Located in Richmond, Virginia, the Wilton House Museum is a living history museum preserving the historic manor house of William Randolph III. The Wilton manor house was built around 1753 for William Randolph III, the grandson of William and Mary Isham Randolph, who are considered the "Adam and Eve" of colonial Virginia.
Throughout the 17th and 18th centuries, the Randolph family was among the wealthiest and most powerful families in the state of Virginia, owning several major plantations and holding a number of prominent positions in regional and state politics. As the centerpiece for a 2,000-acre tobacco plantation located on the north bank of the James River, the Wilton manor was built to mimic the British Wilton House estate, the famous home of the Earls of Pembroke. For more than a century, the manor played host to many of the most notable early American political and military figures, including George Washington, Thomas Jefferson, and the Marquis de Lafayette.
The house was sold to Colonel William C. Knight by Catherine Randolph in 1859 as a means of paying off accumulated family debt. Throughout the following decades, the estate changed ownership four more times before nearly being lost to foreclosure as a result of the Great Depression. Upon news of its imminent demise, the Virginia chapter of the National Society of The Colonial Dames of America took an interest in acquiring the property. While the intervention of the Dames saved the manor building from demolition for commercial development, the land the house originally stood on had already been rezoned. As a result, the house was dismantled and rebuilt in 1934, moving to a site several miles west of its original location.
Since 1952, the Georgian-style manor has been open to the public as a living history museum. In 1976, the house was added to the National Register of Historic Places.
Permanent Collections and Exhibits
The manor is Richmond's only 18th-century plantation home open to the public for tours. Restored to its original planter-style architecture and furnishings, it houses a decorative arts collection of more than 1,400 artifacts from the 17th, 18th, and 19th centuries, including textiles, furniture, silver, ceramics, and fine art. Important documents pertaining to Virginia's colonial history and the legacy of the Randolph family are also on display inside the house for visitors to view.
Guided and self-guided tours are available to immerse visitors in the culture of 18th-century plantation life. Rotating art and culture exhibitions are also on display in the house, focusing on the art, architecture, and cultural preservation techniques of the colonial era, with special exhibition tour talks offered to provide an in-depth exploration of current exhibits. Group tours are offered for adult groups of 10 or more, tailored to individual organization topic needs. Educational tours are also offered for students of all ages, with a demonstration activity on colonial clothing and accessories provided for elementary school students and themed programs available for Girl Scout badge completion.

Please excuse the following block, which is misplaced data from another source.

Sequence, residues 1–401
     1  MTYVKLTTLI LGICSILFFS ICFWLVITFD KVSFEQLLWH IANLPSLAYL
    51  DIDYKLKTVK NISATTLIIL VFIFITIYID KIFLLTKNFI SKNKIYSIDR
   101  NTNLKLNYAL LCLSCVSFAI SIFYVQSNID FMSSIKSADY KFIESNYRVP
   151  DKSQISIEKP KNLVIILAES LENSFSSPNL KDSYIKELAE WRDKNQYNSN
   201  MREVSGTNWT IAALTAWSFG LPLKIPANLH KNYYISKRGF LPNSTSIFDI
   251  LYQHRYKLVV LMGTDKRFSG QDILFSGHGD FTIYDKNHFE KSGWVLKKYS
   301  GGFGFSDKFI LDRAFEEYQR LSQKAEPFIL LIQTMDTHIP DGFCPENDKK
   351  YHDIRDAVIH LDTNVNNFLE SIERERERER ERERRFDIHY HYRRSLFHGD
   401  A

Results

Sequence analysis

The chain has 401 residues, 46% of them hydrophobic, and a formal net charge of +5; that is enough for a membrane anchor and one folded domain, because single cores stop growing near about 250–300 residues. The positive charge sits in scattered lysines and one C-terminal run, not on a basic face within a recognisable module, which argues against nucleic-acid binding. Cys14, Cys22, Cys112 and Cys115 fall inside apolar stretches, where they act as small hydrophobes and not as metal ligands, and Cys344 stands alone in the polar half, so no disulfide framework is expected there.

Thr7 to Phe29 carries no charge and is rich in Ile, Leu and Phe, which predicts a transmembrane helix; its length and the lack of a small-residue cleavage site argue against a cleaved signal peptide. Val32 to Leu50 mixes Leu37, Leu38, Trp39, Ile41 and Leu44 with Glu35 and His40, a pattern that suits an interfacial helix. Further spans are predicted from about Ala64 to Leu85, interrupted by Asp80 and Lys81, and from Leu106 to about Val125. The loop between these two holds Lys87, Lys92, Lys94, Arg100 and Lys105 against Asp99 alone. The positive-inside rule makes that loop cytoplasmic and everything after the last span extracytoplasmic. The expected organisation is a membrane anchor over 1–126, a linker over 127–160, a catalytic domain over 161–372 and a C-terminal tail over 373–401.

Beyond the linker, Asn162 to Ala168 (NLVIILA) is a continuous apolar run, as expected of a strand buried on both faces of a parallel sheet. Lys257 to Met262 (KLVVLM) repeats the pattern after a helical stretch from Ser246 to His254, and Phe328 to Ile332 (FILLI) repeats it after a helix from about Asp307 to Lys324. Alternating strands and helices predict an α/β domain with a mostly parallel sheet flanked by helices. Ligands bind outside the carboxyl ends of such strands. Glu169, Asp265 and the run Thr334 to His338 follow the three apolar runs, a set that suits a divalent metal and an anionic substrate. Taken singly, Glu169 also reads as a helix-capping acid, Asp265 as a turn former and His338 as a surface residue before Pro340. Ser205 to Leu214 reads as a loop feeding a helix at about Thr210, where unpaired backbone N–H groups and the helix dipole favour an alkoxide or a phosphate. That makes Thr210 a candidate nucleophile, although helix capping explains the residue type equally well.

The facility and its 2-acre terraced grounds, set overlooking the James River, are available for rental for weddings and other private events.
Ongoing Programs and Events
An annual symposium is hosted by the manor, with themes corresponding to current special exhibitions. The all-day workshop features lectures and workshops with artists, historians, curators, and conservationists exploring ongoing dialogues with the area's social and artistic colonial history. During the summer months, a free concert series, Jammin on the James, is held on the grounds of the manor. Families are invited to bring a picnic dinner for an evening of kids' crafts, games, and all-ages music. Complimentary tours of the manor are offered before each concert. Other popular events include Family Days, offering activities for children, and Preservation Conservation talks highlighting architectural and preservation topics.
An internship program offers graduate and undergraduate university students the chance to assist museum staff with events and programming while learning about colonial art, history, and architecture. Internship programs are offered with special focus on education, curation, and collections management.
National Society of the Colonial Dames of America
The manor serves as official headquarters for the National Society of the Colonial Dames of America's Virginia chapter, which owns and operates the facility. As an unincorporated association of more than 45 regional chapters dedicated to the preservation and restoration of historic sites, the NDSCA owns 41 historic properties throughout the United States, with 30 more receiving significant operational and financial support from the organization. Since its 1897 acquisition of New York's Van Cortland House, the society has been recognized as a national leader in the restoration and reinterpretation of historic homes. The NDSCA also owns 13 independent museum collections and facilitates a number of educational and scholarship programs focused on colonial-era preservation.
215 S Wilton Rd, Richmond, VA 23226, Phone: 804-282-5936
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